After college I continued to play around with friends, and was a weekend warrior for several years. My first band, the Half Ass Blues Band, morphed into the Hot Ash Blues Band. We sat on beer cases in local dives for tips, and eventually, started playing every Sunday night at Arthur's Blues and Jazz Club in Greensboro, NC. It was there I began to understand how to put a band together and find like minded players that also loved the blues. I started to meet men who played the blues for real, like Guitar Slim and Guitar Gabriel, Johnny Whitlock, and Little Charles, local guys seasoned and salted by the south and all it's oppressive customs towards blacks. I met and played with women who grew up singing gospel, but would take the blues along for a serious ride. Jackie Dawkins from High Point, NC was one of those women crazy enough to trust me taking her into all sorts of clubs and joints. Jackie is in the Barrino family, an auntie to Fantasia, and can light up a room with her amazing voice.
During this time, I was also cultivating my career as a psychotherapist, and building a family. Playing music was a great avocation, and I worked hard keeping it alive. It helped me forget about the crazy stories I would hear throughout the week from people on the edge. The blues provided a context for understanding addictions and mental illnesses. Whether it was true or not, I felt I had an inside line on how the inner city family worked, and how blues and gospel music expressed life in such a way as to give hope to hopeless situations. I started to understand that blues music was sourced from a deeper place, one I had never fully considered, nor one which I could articulate, a subtext which ran through the lives of musicians with whom I played, and who seemed to quite naturally be able to express. I was so attracted to this, but the longer I hung out, I began to understand my romanticized view of the blues was not so accurate. I had not lived in that skin, had not experienced their pains from racial abuse, nor had I lived in a community that looked out for each other, who sang and played at church every Sunday, who had family gatherings, who lived under the radar in America. As much as I wanted to and as hard as I tried, I could not fully understand being inside those kind of experiences . But that did not mean I didn't love the music or the relationships I forged playing music.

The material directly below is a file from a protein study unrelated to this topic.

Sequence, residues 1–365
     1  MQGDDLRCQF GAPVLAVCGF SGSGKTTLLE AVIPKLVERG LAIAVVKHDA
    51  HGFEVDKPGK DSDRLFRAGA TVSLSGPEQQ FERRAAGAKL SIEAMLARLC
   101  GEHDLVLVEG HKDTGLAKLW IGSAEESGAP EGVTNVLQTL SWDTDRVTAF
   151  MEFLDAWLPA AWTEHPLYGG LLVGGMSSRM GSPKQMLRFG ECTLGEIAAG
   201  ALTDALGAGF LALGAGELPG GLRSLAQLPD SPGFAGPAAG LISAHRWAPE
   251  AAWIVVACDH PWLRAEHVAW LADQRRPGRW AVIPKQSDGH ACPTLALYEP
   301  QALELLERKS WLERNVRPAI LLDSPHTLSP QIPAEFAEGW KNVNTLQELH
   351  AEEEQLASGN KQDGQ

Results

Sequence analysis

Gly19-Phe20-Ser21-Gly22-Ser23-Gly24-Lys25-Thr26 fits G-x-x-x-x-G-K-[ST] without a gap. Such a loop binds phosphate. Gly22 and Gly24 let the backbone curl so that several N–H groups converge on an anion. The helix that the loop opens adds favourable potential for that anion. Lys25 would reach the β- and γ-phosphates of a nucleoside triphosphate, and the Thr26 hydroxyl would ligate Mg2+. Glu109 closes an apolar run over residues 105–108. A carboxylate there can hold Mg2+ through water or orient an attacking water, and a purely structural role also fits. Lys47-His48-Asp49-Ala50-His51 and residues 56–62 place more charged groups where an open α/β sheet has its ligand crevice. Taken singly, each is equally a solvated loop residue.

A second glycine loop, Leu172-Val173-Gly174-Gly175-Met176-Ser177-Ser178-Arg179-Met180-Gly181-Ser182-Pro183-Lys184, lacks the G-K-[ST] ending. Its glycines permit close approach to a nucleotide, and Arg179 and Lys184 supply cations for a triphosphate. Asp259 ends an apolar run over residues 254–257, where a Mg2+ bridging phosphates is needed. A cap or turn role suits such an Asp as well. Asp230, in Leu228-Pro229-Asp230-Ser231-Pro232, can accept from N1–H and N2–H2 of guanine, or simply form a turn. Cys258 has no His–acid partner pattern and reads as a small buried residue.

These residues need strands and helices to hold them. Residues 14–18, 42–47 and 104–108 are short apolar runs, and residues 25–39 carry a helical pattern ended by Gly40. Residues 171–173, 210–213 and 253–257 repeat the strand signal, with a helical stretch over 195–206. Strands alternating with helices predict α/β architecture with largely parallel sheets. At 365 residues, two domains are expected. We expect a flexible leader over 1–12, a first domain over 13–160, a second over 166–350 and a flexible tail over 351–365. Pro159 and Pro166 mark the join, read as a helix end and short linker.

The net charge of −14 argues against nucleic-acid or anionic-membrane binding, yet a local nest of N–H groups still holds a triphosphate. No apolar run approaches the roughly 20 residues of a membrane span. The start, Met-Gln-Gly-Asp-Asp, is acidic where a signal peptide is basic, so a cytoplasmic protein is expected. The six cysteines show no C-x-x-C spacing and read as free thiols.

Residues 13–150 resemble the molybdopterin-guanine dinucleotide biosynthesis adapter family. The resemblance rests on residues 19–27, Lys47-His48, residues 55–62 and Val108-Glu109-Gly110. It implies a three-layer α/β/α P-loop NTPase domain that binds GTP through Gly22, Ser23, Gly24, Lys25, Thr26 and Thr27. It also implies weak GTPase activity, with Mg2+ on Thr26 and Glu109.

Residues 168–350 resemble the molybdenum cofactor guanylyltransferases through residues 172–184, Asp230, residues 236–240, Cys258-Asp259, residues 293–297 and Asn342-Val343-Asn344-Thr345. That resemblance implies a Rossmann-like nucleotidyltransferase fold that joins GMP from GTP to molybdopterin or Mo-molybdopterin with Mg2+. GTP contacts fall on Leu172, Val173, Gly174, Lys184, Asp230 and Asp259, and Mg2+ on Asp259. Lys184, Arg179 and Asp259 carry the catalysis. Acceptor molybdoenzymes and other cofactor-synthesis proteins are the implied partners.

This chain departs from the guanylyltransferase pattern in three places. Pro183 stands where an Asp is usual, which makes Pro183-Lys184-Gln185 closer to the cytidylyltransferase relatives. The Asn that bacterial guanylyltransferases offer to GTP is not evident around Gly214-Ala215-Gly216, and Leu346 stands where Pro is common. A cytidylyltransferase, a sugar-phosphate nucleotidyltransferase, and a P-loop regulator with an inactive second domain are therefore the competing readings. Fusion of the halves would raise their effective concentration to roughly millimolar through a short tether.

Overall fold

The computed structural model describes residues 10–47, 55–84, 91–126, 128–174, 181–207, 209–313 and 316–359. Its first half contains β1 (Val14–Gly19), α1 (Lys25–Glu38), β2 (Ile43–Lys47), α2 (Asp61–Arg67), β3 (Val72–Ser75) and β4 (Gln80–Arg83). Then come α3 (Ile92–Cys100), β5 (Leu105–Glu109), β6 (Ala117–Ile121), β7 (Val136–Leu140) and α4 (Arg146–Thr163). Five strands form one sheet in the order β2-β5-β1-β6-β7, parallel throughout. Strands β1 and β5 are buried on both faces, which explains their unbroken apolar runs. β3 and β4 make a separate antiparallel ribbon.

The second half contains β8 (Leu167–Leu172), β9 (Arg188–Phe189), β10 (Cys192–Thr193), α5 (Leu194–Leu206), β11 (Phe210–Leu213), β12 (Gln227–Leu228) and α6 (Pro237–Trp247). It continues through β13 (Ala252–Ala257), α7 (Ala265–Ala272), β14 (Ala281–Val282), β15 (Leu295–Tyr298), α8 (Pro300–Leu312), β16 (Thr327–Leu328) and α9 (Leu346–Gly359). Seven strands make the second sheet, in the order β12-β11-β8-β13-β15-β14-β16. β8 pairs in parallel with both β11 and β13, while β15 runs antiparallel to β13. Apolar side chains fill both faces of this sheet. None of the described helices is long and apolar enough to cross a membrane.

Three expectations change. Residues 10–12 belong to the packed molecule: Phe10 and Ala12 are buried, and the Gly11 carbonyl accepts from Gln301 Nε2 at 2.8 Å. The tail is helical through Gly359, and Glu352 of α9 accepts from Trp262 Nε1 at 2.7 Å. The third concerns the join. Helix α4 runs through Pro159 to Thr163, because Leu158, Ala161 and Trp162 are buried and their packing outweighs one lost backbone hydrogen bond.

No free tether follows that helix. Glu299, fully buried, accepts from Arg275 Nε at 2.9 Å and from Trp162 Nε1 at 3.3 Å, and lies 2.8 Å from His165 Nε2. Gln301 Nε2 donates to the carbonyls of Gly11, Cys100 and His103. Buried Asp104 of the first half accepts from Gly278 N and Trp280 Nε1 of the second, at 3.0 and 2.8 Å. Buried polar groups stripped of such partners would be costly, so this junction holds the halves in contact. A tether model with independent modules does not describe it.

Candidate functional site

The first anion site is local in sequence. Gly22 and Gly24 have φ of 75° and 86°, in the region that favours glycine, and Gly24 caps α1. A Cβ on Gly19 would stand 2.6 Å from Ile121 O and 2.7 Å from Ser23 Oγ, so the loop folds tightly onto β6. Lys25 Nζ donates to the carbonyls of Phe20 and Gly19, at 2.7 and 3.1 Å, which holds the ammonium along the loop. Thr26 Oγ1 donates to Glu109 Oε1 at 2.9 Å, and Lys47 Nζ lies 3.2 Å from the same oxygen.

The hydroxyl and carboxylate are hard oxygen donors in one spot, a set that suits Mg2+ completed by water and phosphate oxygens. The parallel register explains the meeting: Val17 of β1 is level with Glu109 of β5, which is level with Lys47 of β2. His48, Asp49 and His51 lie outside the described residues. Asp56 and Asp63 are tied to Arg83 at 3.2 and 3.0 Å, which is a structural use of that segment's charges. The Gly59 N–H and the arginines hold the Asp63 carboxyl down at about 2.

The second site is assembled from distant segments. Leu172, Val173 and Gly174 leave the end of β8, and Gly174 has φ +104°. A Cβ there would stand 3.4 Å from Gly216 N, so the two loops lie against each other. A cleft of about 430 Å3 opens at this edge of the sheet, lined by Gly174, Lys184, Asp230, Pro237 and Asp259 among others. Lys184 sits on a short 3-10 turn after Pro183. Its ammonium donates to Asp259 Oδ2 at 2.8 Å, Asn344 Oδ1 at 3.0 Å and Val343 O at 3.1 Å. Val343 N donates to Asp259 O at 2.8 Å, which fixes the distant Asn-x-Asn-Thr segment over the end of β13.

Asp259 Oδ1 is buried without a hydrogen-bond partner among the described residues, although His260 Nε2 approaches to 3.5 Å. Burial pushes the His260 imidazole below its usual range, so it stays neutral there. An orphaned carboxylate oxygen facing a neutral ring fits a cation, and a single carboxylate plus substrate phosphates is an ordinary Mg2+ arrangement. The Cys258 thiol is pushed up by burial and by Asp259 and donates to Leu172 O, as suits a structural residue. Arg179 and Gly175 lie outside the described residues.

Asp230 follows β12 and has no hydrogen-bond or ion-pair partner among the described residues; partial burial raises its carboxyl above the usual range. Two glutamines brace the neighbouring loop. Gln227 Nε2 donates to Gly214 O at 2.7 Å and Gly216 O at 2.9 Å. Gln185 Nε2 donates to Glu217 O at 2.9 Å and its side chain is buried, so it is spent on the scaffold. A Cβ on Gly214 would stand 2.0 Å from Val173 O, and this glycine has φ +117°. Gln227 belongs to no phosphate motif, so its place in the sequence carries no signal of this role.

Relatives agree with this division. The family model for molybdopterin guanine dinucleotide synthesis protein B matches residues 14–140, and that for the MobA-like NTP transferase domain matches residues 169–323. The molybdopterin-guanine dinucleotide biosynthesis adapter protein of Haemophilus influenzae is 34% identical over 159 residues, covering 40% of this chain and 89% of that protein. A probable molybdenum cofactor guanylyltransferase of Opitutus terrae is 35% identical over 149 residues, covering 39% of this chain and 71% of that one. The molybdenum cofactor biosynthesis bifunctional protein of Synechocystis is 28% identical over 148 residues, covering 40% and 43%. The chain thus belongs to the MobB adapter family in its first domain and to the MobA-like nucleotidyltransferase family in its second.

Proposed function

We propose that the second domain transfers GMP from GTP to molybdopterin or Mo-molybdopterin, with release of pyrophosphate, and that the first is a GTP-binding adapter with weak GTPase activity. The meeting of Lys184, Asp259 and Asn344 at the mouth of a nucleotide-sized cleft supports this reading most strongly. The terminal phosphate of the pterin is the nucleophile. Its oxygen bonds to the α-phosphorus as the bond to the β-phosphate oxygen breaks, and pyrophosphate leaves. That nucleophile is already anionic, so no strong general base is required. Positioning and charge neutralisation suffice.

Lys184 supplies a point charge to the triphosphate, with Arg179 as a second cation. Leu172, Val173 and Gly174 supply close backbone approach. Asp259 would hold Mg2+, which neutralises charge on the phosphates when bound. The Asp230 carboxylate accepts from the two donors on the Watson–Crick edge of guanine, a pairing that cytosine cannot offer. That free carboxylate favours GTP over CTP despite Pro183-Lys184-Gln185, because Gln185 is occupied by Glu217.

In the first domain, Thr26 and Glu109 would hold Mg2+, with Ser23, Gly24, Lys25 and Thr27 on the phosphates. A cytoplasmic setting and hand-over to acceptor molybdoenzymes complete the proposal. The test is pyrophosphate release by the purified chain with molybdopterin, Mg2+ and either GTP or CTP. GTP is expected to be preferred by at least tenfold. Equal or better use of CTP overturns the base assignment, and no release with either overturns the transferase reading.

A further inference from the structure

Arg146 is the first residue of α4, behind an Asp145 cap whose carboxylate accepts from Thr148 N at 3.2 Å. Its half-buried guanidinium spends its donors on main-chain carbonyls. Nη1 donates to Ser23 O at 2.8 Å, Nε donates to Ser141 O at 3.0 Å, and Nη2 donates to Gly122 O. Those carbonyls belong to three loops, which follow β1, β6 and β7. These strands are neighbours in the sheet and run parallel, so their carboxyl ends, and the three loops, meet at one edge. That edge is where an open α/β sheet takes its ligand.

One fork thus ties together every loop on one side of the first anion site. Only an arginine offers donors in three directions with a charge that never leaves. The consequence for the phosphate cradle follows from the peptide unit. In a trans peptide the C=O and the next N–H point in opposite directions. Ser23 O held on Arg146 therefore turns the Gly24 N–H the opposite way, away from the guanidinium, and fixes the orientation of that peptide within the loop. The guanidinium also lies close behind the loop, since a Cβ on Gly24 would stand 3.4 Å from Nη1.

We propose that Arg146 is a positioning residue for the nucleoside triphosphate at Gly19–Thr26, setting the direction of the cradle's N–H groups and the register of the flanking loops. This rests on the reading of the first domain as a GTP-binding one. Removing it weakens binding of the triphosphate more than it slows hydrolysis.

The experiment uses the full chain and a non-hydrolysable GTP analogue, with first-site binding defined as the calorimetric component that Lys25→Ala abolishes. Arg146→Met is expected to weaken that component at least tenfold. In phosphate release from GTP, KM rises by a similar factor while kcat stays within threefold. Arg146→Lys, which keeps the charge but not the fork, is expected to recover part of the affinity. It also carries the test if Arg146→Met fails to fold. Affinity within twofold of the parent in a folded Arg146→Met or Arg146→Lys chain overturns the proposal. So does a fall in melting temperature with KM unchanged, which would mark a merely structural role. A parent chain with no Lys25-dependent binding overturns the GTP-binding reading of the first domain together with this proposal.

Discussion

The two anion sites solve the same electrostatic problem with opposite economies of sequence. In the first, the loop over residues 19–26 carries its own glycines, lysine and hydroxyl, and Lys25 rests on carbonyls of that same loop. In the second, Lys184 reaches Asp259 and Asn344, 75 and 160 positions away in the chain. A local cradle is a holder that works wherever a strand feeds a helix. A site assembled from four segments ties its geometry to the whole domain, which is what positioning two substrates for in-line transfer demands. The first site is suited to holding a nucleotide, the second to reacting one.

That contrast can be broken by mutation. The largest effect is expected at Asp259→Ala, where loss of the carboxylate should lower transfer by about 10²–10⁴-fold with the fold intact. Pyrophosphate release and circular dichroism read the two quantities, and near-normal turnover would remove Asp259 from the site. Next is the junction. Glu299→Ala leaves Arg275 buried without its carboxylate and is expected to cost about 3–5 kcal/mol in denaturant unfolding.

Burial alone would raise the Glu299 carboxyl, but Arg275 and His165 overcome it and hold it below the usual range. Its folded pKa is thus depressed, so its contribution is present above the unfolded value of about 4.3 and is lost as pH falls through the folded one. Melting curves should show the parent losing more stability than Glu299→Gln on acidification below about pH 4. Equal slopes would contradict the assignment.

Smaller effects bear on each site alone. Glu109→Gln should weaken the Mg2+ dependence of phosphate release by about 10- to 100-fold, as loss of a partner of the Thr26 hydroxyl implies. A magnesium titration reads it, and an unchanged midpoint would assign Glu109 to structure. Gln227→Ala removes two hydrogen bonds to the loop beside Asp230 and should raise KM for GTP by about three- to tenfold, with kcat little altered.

So, at 58 years old, I've kept this avocation alive, and continue to find my voice, my expression in this skin bag. "Field Trip" is an exploration into what is authentic and real. And, if you are taking a field trip, you absolutely need sherpas who know the terrain. It's been said that 10,000 hours practice of anything yields mastery, and the musicians on this recording are some of the most creative and masterful people I know.
My goal with this recording was to make a mostly acoustic album, music in a stripped down sort of way, not too over-produced, music with a sum greater that it's parts, and not just a collection of songs. I'm extremely grateful for everyone's collaboration in making this recording a reality. My hope is the music is as much fun to listen to as it was to record.